Preeclampsia is a disorder of pregnancy that strikes without warning. The condition results when pregnant women develop high blood pressure and protein in the urine. Preeclampsia is estimated to complicate from 3 to 5 percent of all pregnancies.
Untreated, severe preeclampsia can progress to eclampsia—dangerously high blood pressure and convulsions—which may result in disability or death for the mother. The only treatment for severe preeclampsia is immediate delivery of the baby. If preeclampsia occurs early in pregnancy, inducing labor will result in an infant being born prematurely, which increases the chances for lifelong disability or death.
In the United States, where treatments are available, few women die from preeclampsia itself. But, complications (such as kidney failure, hemorrhage, and stroke) from preeclampsia can lead to lasting health problems. In less industrialized nations, preeclampsia is one of the leading causes of maternal death, responsible for an estimated 75,000 deaths each year.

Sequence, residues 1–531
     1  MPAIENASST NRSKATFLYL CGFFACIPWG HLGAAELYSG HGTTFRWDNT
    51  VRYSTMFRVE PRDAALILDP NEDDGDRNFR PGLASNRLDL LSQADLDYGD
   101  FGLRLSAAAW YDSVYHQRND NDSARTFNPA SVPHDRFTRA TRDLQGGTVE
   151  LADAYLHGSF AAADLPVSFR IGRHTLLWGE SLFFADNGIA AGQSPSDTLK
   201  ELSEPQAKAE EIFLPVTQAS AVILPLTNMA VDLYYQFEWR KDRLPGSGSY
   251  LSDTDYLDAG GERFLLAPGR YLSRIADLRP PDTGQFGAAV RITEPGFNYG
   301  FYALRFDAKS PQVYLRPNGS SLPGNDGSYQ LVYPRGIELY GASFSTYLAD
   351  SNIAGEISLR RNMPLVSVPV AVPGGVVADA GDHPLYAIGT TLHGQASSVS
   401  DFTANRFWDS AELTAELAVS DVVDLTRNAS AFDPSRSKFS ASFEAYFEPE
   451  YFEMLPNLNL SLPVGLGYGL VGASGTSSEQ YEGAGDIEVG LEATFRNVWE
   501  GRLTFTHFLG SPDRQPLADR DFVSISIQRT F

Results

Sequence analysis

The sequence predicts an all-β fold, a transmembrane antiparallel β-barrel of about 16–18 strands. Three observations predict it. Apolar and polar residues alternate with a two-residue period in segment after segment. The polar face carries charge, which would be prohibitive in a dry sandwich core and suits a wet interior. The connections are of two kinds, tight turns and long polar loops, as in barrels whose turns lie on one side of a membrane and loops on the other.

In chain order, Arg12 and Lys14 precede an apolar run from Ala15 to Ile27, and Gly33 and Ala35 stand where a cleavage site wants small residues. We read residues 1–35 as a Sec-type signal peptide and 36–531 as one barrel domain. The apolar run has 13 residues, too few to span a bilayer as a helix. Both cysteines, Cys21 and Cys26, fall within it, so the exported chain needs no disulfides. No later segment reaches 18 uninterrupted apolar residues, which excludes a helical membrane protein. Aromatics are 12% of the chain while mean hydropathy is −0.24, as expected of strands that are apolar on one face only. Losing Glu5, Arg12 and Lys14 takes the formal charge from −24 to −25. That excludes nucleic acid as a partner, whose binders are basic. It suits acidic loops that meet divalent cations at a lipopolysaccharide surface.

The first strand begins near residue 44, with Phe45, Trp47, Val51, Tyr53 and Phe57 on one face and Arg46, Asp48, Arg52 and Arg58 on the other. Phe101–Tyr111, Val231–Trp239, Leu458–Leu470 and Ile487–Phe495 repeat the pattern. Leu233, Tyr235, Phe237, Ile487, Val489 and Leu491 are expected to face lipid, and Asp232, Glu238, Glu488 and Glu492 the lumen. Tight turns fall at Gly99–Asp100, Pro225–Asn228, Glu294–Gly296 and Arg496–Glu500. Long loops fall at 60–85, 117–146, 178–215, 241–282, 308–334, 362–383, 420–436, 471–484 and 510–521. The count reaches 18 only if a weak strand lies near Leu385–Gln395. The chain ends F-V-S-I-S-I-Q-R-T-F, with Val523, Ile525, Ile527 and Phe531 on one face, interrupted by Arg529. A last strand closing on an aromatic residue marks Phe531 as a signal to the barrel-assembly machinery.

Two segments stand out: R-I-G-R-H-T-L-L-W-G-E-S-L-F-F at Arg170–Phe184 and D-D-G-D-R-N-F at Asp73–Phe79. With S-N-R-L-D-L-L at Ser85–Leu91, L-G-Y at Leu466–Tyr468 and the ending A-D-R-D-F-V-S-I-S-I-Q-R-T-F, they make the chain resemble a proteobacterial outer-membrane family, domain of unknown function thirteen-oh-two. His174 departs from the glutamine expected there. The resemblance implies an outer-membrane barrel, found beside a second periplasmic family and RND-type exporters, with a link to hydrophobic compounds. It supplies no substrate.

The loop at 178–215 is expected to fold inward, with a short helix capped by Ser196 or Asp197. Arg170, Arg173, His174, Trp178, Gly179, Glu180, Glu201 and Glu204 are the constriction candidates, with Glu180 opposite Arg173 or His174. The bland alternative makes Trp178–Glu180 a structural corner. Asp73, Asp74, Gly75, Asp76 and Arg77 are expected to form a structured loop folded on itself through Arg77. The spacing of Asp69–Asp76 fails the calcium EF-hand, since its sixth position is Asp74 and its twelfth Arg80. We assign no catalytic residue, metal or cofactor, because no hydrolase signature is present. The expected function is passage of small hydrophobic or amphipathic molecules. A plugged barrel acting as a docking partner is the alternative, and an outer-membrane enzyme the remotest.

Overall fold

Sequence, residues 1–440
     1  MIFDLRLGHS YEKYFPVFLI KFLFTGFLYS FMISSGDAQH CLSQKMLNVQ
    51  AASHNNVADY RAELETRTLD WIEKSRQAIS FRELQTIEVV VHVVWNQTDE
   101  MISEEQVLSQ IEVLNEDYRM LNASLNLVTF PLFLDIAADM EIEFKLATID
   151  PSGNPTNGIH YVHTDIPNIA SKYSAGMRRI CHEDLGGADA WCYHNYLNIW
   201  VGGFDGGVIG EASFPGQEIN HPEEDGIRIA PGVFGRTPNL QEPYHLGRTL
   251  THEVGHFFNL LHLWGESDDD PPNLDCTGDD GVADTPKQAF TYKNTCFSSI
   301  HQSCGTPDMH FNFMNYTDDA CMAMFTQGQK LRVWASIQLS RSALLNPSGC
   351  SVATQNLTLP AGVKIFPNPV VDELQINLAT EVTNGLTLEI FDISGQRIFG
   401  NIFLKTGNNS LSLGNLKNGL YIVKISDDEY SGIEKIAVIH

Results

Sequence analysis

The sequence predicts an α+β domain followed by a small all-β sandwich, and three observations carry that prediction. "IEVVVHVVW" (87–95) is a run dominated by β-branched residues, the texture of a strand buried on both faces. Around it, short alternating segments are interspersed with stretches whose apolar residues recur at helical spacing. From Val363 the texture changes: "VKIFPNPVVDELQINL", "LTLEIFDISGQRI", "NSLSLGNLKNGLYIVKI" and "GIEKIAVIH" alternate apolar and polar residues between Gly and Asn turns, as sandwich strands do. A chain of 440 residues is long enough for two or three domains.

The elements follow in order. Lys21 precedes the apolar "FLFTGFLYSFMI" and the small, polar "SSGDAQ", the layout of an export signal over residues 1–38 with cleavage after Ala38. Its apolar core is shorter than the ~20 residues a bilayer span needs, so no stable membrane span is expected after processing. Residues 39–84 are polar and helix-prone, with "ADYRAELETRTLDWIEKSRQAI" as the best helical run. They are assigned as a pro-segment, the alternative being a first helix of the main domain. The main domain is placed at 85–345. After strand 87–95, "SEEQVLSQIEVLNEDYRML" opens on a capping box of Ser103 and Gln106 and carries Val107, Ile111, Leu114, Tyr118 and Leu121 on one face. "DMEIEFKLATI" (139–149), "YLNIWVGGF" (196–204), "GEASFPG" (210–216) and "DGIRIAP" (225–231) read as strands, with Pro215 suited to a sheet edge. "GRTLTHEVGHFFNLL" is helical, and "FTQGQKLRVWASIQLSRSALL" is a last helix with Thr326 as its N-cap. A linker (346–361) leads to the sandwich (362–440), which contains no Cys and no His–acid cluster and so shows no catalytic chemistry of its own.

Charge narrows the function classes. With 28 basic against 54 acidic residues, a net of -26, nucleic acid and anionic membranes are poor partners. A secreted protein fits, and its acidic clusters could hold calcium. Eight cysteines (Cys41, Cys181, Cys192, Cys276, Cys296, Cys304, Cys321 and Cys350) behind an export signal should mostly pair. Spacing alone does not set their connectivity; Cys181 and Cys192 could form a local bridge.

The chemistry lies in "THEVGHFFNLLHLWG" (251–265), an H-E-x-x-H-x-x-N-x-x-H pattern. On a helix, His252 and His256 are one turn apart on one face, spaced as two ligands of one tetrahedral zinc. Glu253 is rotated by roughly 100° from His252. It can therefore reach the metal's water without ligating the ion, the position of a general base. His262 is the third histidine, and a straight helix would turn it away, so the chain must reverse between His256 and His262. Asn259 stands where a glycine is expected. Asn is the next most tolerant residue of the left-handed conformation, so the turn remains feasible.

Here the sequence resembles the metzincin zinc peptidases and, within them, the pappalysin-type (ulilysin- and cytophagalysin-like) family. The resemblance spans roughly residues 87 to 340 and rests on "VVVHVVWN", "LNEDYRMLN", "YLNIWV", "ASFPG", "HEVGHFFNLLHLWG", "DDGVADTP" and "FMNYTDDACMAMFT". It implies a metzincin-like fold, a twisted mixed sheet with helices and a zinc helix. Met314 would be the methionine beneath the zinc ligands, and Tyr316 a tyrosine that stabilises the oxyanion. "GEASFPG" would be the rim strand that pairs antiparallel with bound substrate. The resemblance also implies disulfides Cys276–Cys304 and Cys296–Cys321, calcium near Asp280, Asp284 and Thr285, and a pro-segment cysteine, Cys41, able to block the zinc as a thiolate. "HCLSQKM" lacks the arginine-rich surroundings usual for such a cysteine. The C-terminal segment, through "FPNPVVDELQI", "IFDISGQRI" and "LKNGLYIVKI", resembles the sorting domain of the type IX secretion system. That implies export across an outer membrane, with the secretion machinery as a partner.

The NICHD has been conducting and supporting research on preeclampsia for decades, trying to zero in on the condition’s cause, which could help lead to a cure or to preventing preeclampsia from occurring in the first place.
Recent studies, conducted by a team of researchers from the National Institutes of Health and Beth Israel Deaconess Medical Center, seem to be a step in the right direction. High levels of two proteins in the blood of pregnant women appear to indicate the subsequent development of preeclampsia. The proteins, which interfere with the growth and function of blood vessels, also signal the development of high blood pressure during pregnancy.
"This finding appears to be an important step in developing a cure for preeclampsia,” said Elias A. Zerhouni, M.D., Director of the National Institutes of Health. “It may also provide the basis for predicting whether or not a woman will develop the disorder."
For a complete description of this new research finding, visit http://www.nichd.nih.gov/news/releases/Pages/preeclampsia_endoglin.aspx.
For background on this research, visit Preeclampsia Backgrounder. You can also visit PubMed to access the abstract and original article. (Please note that a subscription to the journal may be required for access to the full text of the article.)
In addition, The New Yorker magazine recently published an article about preeclampsia research. You can access this article at http://www.newyorker.com/archive/2006/07/24/060724fa_fact.
The NICHD also provides general health information on preeclampsia/eclampsia elsewhere on this Web site.
Listen (MP3 - 3.46 MB) to an interview with Richard Levine, M.D., M.P.H.
Originally Posted: September 6, 2006
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